At age 66, diagnosed with two separate advanced ones (Stage IV ovarian, Stage III breast), cancer certainly got my attention.
All of it. Seems I won the cancer lottery, and not in a good way! While going into action immediately, first I went numb, then in denial, then fear and paranoia, then anger, and finally I think, acceptance and trying to look at the good side. I firmly believe there’s a good side and a bad side to everything, a yin and a yang so to speak.
Having said that, I am pretty much always thinking about it, waiting for the other shoe to drop or I’m mustering the strength to get through yet another test or treatment when I’ve barely had time to recover from the previous miserable test or treatment. Cancer treatment is no fun, it does at many times seem worse than the disease you’re trying so desperately to eradicate from your body.
But so far, having been lucky enough to have minimal side effects and a successful surgery in the sense that nothing went wrong (and I gather plenty can go wrong with the debulking surgery (the mother of all surgeries as it’s known among doctors)), it’s bad when you go through it, and great when it’s over. I tend to try to concentrate on the ‘over’ part and deny the existence of anything bad when it didn’t happen to me. I feel a little bit of denial is a good thing when battling really serious stuff. One has enough reality.
However, though, for those who say, ‘don’t let cancer define you,’ it’s hard not to. On top of all that then there’s the money, the worry, not feeling well enough to deal with the money or the worry, yes, it captures your heart, mind and spirit profoundly.
And that’s before you get to the part about dying. And the realization that the treatment and outcome your great aunt’s first cousin got in 1955 isn’t all that much different than the one you’re about to experience. This is a real downer when you’ve been diagnosed at the advanced stages, let me tell you, and a terrible lost opportunity in the world of cancer research, in my opinion.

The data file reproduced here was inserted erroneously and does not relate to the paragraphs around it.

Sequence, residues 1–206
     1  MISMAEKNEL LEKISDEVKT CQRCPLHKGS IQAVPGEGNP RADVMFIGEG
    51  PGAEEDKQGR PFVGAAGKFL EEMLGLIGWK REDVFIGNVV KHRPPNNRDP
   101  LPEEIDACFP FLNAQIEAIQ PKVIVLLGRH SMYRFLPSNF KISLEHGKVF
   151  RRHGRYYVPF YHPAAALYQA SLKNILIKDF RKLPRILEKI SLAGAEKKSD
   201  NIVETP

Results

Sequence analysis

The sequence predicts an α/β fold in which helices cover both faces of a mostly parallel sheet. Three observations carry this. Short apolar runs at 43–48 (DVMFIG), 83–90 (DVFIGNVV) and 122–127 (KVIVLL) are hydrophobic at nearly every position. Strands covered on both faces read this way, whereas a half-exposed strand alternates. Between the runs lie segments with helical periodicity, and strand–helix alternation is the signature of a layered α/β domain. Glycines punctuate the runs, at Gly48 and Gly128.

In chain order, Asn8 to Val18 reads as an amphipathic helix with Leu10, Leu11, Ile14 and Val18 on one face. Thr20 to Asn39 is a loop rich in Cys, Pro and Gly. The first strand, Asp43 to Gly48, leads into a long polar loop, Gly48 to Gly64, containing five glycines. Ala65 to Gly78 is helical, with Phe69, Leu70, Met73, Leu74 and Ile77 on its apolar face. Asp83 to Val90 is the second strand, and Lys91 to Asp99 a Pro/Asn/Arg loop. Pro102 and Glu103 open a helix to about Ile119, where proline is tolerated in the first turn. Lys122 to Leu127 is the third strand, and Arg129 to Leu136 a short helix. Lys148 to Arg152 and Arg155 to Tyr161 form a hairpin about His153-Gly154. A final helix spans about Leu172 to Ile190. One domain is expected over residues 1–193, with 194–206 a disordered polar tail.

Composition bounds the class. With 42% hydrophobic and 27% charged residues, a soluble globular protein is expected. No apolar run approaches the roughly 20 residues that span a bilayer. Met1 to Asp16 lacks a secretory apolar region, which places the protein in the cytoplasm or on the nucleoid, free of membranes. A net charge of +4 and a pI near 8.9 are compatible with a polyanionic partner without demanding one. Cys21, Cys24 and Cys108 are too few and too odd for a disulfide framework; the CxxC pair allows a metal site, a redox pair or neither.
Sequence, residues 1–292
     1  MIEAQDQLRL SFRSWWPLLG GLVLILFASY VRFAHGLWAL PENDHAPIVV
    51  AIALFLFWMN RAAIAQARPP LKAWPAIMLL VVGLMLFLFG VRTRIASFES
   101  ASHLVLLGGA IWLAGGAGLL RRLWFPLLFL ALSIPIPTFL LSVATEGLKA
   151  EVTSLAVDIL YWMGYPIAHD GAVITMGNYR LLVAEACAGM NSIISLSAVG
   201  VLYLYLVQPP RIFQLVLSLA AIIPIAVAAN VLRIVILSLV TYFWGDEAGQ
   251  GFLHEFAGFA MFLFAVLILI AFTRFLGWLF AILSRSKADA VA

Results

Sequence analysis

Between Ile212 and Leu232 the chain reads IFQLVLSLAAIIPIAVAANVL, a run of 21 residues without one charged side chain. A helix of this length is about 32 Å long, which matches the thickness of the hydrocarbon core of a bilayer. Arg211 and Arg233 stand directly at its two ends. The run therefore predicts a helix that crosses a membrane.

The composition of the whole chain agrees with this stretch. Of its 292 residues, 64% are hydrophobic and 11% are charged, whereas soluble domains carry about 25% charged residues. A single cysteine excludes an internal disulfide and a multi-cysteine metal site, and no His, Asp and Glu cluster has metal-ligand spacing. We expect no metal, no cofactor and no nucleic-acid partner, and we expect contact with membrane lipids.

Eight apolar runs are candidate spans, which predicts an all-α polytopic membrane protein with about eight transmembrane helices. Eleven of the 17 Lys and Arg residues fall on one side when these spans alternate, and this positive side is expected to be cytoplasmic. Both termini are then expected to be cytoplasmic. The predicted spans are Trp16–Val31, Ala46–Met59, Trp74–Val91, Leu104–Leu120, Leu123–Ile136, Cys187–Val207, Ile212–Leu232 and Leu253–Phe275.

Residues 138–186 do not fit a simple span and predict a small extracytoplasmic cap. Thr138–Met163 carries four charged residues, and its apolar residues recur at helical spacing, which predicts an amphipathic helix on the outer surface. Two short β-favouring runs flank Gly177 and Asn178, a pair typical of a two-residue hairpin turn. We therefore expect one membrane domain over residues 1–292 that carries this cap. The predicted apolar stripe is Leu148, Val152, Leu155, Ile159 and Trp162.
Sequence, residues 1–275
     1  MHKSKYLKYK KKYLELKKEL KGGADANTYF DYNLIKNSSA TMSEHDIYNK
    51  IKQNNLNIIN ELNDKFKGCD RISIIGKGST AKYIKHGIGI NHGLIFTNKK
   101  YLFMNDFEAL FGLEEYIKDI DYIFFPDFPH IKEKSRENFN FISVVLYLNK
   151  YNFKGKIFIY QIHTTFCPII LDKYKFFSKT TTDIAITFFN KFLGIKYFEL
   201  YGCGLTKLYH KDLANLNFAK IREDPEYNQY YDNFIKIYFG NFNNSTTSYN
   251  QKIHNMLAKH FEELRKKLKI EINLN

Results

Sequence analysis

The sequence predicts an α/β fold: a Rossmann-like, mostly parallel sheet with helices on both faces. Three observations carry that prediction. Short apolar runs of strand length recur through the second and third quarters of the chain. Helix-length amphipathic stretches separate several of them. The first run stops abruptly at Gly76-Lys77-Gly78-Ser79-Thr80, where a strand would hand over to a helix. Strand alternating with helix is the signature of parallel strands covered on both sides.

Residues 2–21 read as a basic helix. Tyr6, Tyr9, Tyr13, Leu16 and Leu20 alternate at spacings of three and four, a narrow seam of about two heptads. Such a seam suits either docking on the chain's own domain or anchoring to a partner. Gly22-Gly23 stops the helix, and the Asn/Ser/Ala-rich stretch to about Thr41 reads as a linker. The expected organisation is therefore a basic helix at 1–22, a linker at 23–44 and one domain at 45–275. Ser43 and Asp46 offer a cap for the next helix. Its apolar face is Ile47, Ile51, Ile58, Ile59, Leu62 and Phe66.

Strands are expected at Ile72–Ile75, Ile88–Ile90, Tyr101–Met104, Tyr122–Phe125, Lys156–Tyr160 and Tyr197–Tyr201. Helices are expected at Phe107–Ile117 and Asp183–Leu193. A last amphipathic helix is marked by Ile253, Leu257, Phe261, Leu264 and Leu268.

But this isn’t a pity party or a diatribe against life and its unfairness. It’s what does one do in the face of such an event once you’ve cried, and wondered and worried and gone into the fetal position a million times?
Well, first it seemed to me I had to decide whether or not I wanted to stay in the game. Simple and basic. Did I want to live? Everything hinged on this, as lack of strong motivation would surely affect the outcome of my treatments, of this I was sure. And this is a very interesting question when it’s not an abstract notion. When there’s a time limit attached.
The Janice who thought about cancer treatments as in, ‘what would I do if I got a bad diagnosis,’ was inclined to believe that a quality of life didn’t allow for mutilating surgeries, toxic chemicals and throwing up.
The cancer diva Janice decided that dying basically by my own hand was very uncool, not the least bit noble, and no less painful or undignified in the end than cancer treatments. And optionless. How can you have a remission if you’re dead? I’m a girl who likes her options.
So, having decided to live, what kind of life did I want to have? This seemed as critical to my treatment plan as the treatments were, or the doctor I chose. It all had to balance. Life couldn’t be about when the treatment(s) were over. In my case, they’ll never be over until I die or remiss, so the good had to be really good and the bad had to be as limited as possible.
Today’s cancer dons and divas, it turns out, live with advanced cancers due to better treatment options that, even if they don’t bring about better outcomes (sometimes they do, but sometimes they don’t), tend to give a better quality of life for whatever time’s available.
Whatever time’s available? Oh, dear, isn’t that a loaded question? But, thinking about that, none of us knows how much time we have available, sick or not, so I decided to stop worrying about that part so much and just concentrate on the here and now. It was a choice for me between having cancer and suffering with cancer, or having cancer and trying to feel good, look good, and have fun whenever possible, recognizing that I wouldn’t always feel so great.
Have Cancer. Will Travel. is about the yin and yang of this journey, the good and the bad. It’s a resource, a diary, a legacy of my journey with cancer, an attempt to build a community, and I hope you get something out of it. I sure will.
Thanks for reading.